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Cécile McLorin Salvant & Sullivan Fortner

November 18, 9:30 pm
|Recurring Event (See all)
| Jazz St. Louis

Born in Miami, Florida in 1989, Salvant studied piano beginning at age five, sang in a children’s choir at eight, and then began classical voice lessons. She pursued dual tracks as an undergraduate in France (her mother is French, her father Haitian) —studying French law at one university while attending the Darius Milhaud Conservatory studying baroque music and jazz. Though at the time she didn’t intend to sing professionally, she entered the Thelonious Monk competition in 2010 and won it. That led to a string of five acclaimed releases, each one more daring than the previous. Yet nothing Salvant has done can quite prepare listeners for the visceral intensity, concise yet prismatic writing, and genre-obliterating atmospheres of Ghost Song. The work draws on the tools this vocalist, composer, multiple Grammy winner, and MacArthur Fellow has utilized in the past, but in new and harrowing ways. It is, in the least glib sense possible, the rare departure that is also an arrival.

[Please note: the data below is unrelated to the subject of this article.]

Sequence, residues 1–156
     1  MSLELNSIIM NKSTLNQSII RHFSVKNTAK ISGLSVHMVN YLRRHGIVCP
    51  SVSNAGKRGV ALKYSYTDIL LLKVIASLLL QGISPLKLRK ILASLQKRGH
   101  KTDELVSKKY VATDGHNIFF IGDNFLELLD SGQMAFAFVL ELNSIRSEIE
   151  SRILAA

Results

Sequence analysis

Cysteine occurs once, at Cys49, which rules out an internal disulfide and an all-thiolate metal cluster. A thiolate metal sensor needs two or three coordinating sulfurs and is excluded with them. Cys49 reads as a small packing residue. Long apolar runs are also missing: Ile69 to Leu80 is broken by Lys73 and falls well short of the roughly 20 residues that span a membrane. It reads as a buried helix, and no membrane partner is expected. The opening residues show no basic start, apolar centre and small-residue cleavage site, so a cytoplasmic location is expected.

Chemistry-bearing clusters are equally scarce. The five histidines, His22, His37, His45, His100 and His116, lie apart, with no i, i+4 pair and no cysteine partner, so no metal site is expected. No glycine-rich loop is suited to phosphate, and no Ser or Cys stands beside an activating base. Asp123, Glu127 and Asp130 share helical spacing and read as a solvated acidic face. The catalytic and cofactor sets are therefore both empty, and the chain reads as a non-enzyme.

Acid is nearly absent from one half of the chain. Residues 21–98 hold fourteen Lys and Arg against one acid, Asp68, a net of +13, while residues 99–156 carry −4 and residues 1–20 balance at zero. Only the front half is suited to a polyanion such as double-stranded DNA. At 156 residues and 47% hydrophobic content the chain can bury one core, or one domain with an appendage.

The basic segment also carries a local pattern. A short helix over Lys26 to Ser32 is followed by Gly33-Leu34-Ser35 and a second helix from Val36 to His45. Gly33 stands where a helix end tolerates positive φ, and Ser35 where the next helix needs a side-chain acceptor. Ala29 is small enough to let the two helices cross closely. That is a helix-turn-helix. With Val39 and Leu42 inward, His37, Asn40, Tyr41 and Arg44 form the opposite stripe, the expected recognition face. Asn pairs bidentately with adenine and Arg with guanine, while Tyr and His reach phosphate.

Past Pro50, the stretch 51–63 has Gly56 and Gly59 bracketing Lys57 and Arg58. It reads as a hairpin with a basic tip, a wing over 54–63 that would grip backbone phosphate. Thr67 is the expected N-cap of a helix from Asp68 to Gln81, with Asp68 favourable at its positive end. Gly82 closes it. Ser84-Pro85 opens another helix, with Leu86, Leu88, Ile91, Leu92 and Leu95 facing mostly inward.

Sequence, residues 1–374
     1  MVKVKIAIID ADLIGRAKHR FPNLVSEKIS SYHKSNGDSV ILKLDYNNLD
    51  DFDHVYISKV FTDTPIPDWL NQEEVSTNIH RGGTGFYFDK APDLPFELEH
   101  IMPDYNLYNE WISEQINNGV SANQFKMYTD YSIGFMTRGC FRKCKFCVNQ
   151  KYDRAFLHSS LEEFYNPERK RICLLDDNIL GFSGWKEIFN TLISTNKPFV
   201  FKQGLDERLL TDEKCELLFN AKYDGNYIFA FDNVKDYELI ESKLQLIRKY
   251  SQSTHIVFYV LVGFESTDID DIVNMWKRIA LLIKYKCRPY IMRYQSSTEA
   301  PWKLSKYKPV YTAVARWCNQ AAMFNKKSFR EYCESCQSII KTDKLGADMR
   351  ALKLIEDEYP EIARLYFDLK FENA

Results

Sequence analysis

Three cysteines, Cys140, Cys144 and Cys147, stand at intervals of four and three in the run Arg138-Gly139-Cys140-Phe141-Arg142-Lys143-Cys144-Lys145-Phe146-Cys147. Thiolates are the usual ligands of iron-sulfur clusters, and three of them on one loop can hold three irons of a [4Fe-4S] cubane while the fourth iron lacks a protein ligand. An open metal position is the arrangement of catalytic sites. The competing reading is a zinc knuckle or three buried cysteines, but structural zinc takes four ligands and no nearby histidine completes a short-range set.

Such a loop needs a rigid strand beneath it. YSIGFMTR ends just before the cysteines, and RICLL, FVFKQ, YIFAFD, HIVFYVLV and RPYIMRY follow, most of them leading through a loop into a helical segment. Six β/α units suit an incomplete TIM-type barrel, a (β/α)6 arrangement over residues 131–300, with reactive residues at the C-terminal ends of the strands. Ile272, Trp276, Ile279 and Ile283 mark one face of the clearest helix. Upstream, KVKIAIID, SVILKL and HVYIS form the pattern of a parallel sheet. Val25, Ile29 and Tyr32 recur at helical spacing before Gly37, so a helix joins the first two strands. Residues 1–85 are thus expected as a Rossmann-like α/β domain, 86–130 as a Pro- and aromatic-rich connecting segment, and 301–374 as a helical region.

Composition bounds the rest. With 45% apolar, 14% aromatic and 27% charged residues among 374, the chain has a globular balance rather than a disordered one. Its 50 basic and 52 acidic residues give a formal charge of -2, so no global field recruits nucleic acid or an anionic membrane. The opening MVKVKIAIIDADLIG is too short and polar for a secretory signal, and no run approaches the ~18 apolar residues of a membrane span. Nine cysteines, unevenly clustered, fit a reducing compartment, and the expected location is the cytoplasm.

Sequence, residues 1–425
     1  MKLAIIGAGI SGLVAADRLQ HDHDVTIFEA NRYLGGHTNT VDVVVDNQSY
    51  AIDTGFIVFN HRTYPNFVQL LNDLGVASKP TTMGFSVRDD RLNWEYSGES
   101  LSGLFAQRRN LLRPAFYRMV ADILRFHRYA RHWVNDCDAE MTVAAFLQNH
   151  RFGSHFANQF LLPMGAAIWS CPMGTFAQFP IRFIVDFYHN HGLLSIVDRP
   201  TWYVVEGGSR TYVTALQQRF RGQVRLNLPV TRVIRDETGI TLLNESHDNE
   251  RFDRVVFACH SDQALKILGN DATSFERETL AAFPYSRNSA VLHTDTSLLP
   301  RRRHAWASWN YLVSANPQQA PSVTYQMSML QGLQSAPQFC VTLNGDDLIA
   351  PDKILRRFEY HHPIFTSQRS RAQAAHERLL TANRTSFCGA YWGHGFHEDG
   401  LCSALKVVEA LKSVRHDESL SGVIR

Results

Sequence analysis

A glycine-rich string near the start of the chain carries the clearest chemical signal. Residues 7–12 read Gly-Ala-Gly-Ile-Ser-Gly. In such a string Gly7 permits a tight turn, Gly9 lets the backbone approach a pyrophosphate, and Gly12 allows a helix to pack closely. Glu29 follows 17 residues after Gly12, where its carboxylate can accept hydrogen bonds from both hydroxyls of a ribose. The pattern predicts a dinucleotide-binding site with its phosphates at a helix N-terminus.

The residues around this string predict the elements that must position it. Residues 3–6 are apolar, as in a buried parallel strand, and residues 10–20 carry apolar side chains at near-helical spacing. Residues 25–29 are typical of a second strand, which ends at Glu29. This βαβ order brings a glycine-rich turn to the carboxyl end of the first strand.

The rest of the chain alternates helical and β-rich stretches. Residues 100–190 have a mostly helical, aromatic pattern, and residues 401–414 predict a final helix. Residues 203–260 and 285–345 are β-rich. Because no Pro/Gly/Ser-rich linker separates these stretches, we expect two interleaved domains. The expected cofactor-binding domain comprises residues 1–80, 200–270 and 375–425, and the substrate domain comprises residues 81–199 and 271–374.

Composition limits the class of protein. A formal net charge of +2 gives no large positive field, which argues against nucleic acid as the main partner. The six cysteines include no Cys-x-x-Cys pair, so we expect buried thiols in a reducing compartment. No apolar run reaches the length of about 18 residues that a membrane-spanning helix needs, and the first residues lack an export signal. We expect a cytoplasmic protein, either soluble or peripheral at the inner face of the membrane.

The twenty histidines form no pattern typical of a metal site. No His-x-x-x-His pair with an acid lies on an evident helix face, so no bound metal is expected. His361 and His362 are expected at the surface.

For the past decade, Sullivan Fortner has been stretching deep-rooted talents as a pianist, composer, band leader and uncompromising individualist. The GRAMMY Award-winning artist out of New Orleans received international praise as both key player and producer for his collaborative work on The Window (Mack Avenue, 2018), alongside multi-GRAMMY winner, vocalist-composer Cecile McLorin Salvant. In addition to associations with such diverse voices as Wynton Marsalis, Paul Simon, Diane Reeves, Etienne Charles and John Scofield, Fortner’s frequent and longtime collaborators have included Ambrose Akinmusire, Dee Dee Bridgewater, Stefon Harris, Kassa Overall, Tivon Pennicott, Peter Bernstein, Nicholas Payton, Billy Hart, Gary Bartz, Christian Scott aTunde Adjuah, Fred Hersch and the late Roy Hargrove. A highly sought improviser, Fortner has performed across the country and throughout the world at such cultural institutions as Snug Harbor, New Orleans Center for the Creative Arts, Sweet Lorraine’s and The Jazz Playhouse in New Orleans, and Jazz at Lincoln Center, Jazz Standard and Smalls Jazz Club in New York City.

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